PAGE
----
I'm a work in progress. Having children forces you into a lot of self reflection, and brings out characteristics that were hiding down in you somewhere that you didn't know you had. I'm trying my best to manage this and it's somewhat comforting to now be aware of why I feel the way I do.

2 year old going on 30.

Isaiah is going through a copy-cat phase right now and Chikezie and I are getting a total kick out of it. If daddy is folding his arms, Isaiah will walk over by him, stare at him, and mimic whatever action he's doing. The one thing that's stuck has been hands in the pockets, and if Isaiah has pockets, you can bet at some point his hands will be shoved in them.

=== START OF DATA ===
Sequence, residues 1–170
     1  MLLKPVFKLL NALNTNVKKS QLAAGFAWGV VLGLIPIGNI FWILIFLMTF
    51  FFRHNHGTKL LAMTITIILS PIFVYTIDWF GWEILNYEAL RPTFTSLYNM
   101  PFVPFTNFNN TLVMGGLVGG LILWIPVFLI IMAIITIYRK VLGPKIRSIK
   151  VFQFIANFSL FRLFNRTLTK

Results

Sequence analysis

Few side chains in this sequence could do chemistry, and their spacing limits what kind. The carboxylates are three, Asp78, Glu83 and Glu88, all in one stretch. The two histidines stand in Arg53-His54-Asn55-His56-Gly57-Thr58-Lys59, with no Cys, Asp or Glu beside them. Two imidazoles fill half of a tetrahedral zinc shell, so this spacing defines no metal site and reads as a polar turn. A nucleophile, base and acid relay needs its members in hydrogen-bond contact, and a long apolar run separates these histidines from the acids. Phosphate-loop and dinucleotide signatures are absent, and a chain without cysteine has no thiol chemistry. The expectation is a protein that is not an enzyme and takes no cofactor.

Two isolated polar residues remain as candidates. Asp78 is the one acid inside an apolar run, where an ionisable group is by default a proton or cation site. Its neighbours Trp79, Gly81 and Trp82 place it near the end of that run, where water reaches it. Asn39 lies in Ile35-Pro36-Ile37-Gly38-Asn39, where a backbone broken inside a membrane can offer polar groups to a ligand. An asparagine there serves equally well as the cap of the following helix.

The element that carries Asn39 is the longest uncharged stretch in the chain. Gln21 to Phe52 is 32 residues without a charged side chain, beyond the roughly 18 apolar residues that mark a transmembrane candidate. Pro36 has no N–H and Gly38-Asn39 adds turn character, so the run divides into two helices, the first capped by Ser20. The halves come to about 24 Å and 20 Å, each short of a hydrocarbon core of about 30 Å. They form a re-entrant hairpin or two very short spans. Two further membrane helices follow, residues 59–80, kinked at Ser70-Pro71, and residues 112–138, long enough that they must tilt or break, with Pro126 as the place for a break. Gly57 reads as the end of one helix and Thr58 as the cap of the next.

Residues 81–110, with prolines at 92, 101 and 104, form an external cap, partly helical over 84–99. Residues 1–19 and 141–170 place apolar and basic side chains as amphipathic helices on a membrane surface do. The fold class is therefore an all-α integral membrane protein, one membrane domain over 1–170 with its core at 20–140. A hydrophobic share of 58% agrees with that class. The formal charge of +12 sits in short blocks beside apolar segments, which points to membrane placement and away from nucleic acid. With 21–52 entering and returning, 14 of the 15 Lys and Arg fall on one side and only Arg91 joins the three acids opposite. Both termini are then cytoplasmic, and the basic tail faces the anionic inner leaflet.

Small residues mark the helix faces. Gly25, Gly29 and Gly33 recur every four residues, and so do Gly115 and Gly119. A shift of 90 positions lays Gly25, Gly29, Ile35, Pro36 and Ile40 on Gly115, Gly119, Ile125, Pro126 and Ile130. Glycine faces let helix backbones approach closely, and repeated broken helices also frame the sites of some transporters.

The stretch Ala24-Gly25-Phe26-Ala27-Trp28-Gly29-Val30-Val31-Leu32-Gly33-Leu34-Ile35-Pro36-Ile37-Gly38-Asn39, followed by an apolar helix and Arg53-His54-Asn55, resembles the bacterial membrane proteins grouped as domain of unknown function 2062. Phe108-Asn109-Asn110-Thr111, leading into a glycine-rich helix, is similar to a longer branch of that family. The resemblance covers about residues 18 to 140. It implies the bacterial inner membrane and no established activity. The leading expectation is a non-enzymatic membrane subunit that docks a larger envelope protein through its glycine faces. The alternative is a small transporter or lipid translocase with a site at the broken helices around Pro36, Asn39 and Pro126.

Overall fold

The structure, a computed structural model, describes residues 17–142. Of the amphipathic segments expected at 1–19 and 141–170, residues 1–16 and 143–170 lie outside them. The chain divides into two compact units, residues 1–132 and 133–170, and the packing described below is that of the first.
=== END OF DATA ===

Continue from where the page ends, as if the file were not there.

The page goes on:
Other things Isaiah has been doing lately: wearing sunglasses when it's appropriate to wear them, zipping and buttoning up brother's clothes, picking up after himself, bossing around his brother.

I mean, look at these grown up pictures Jenn took a couple of weeks ago: (please note the skinny jeans)

Who the heck is this kid?